Oracle: You've got such strong arms, Mr Pai. Oh, hello, Donald! We didn't see you there
Database giant still flirting with America's broadband watchdog
Oracle's co-CEO has sent another bizarre love letter to the head of America's communications watchdog, the FCC.
Following March's sloppy kiss – in which senior Oracle VP Ken Glueck, acting on behalf of co-CEO Safra Catz, praised FCC chairman Ajit Pai for his leadership for no apparently good reason and on topics that have nothing to do with the database giant – this week, Pai's push to end net neutrality rules led to another rose-scented missive [PDF].
"From our perspective as a Silicon Valley technology company," the letter swoons, "what should have been a purely technological discussion of managing traffic on internet networks has inexplicably evolved into a highly political hyperbolic battle, substantially removed from technical, economic, and consumer reality."
We love it when you talk dirty, Oracle. Go on...
"The concept that traditional internet access providers are exclusively transmitting unchanged data point-to-point is foreign to our own experiences and observations. And, focusing only on traditional internet access providers ignores the largest and most dominant internet players..."
Dominate us, Mr Pai...
"Given these technical and economic realities, we applaud your leadership in considering restoration of the 'information services' classification to broadband internet access service."
It goes on like this for a while: lots of hair-tousling, policy eye-twinkling and bicep rubbing. So, again, we have to ask the question: why on Earth is Oracle's top brass praising the head of a federal regulatory on topics that have nothing to do with its business?
Does Oracle send little love notes every time someone in government does something that a co-CEO personally agrees with?
The answer, of course, is Donald Trump and the bizarre dynamics of the new presidential administration – where heaping praise on anything that the President approves of, and lambasting anything he doesn't like, is an effective way of gaining political advantage.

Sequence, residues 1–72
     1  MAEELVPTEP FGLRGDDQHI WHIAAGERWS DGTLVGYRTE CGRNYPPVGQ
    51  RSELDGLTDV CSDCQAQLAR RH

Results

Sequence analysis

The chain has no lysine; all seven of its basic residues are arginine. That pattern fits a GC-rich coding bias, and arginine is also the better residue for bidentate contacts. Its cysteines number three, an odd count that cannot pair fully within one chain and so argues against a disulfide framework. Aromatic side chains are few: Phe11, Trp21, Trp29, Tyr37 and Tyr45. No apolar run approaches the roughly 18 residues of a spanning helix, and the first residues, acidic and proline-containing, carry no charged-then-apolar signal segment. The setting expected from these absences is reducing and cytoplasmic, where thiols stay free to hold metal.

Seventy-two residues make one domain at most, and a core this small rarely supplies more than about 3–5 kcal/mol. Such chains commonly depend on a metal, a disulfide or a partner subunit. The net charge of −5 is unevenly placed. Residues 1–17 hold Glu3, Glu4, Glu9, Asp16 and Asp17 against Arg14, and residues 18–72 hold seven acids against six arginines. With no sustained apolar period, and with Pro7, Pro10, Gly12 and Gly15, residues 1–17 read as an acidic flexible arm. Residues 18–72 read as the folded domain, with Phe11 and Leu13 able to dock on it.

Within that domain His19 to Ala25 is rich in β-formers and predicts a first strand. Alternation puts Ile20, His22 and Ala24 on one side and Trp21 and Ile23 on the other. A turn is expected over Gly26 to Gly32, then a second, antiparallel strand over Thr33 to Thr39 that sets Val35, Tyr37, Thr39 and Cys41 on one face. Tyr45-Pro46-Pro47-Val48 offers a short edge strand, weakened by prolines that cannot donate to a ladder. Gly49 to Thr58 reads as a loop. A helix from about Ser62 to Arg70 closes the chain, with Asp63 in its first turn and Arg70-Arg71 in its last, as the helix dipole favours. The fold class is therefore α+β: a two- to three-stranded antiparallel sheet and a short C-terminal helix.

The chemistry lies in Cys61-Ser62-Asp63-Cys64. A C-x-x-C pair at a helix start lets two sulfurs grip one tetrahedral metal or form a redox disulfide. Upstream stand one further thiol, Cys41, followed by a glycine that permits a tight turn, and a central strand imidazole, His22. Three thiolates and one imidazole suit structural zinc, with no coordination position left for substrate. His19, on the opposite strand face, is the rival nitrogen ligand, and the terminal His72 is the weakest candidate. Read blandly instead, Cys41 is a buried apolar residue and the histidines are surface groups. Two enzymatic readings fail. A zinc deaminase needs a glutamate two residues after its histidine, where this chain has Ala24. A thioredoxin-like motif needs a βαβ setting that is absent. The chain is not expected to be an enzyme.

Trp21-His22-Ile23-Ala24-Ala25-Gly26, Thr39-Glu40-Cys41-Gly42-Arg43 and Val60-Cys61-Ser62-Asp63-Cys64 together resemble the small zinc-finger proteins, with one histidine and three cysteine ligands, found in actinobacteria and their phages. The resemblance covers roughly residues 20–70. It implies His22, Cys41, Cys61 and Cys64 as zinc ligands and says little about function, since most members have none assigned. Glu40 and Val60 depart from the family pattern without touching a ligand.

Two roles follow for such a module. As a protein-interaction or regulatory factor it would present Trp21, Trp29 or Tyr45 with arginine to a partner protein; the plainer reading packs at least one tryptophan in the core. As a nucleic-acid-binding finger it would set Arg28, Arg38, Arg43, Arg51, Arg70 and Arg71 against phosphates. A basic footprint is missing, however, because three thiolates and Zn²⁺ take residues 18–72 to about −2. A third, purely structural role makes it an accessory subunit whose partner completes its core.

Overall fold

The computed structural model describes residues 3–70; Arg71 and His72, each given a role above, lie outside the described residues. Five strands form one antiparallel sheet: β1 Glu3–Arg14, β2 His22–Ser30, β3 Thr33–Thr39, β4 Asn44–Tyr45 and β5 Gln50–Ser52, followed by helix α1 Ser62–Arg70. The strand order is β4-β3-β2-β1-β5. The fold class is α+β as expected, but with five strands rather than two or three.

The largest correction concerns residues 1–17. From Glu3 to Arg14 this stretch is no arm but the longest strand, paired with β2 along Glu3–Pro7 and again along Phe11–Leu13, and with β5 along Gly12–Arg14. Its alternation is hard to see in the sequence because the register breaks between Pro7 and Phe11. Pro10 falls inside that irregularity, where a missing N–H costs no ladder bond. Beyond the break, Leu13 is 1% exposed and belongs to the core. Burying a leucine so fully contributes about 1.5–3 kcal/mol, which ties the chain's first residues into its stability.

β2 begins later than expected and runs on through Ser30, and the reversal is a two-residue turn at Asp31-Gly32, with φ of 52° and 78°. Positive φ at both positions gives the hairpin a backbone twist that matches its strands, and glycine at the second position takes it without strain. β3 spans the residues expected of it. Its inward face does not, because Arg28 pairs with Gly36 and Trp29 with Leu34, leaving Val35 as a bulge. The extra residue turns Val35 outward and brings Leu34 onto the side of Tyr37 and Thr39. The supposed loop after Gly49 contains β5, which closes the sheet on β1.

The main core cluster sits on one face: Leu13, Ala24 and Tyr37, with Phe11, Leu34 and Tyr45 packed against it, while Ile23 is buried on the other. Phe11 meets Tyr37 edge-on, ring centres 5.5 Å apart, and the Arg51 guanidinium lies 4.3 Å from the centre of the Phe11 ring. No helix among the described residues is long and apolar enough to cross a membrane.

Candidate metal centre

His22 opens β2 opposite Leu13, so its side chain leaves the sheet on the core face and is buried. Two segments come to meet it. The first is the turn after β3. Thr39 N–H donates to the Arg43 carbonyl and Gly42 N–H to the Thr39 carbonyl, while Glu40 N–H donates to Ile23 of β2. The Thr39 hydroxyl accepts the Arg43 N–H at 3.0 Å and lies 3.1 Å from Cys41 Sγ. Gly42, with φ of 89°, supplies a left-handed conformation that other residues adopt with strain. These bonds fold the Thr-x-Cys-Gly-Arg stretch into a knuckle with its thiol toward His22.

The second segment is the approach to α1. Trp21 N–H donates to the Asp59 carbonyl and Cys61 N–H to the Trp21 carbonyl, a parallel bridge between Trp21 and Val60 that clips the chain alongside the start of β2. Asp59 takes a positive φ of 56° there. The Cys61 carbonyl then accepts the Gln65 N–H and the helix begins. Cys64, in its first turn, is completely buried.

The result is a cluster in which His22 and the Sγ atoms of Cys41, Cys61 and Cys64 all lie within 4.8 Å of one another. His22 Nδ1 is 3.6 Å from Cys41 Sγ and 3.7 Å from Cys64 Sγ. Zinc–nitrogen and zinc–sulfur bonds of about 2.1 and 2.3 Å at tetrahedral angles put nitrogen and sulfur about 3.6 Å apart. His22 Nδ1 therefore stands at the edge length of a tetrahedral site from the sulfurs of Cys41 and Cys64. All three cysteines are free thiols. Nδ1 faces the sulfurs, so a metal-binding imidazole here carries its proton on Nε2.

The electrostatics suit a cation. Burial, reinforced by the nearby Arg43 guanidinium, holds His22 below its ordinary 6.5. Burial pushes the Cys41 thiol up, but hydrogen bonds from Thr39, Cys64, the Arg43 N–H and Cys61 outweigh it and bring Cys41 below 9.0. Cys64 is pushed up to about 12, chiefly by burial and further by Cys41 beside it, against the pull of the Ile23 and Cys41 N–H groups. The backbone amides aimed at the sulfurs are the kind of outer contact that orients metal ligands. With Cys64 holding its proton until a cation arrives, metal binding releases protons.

It used to be that such blatant and aimless fawning would cause government officials to trust you less. But as we noted earlier, the FCC's chair Ajit Pai has also very clearly flagged that he is in the praise-and-damn-like-Donald box.
As we previously noted, Oracle co-CEO Safra Catz sits on President Trump's tech team and is serving as an advisor to him – something a lot of Oracle employees are unhappy about.
Aside from wanting to be noticed, Catz needs some Trump currency in her back pocket thanks to the company being sued by the US government over discrimination and the fact that it has been laying off employees (and trying to keep quiet about it).
If there has been one consistent element of the Trump presidency so far, it has been wild praise for companies that hire more American workers and lightning bolts at those that fire them.
The big question is: will it work? Does giving big slaps on the back to people at a time when others are questioning the logic and rationale behind their decisions really put you in a position of influence with them?
And the answer is: of course it does. It's just that government has typically prevented such people from getting into the top positions of government. ®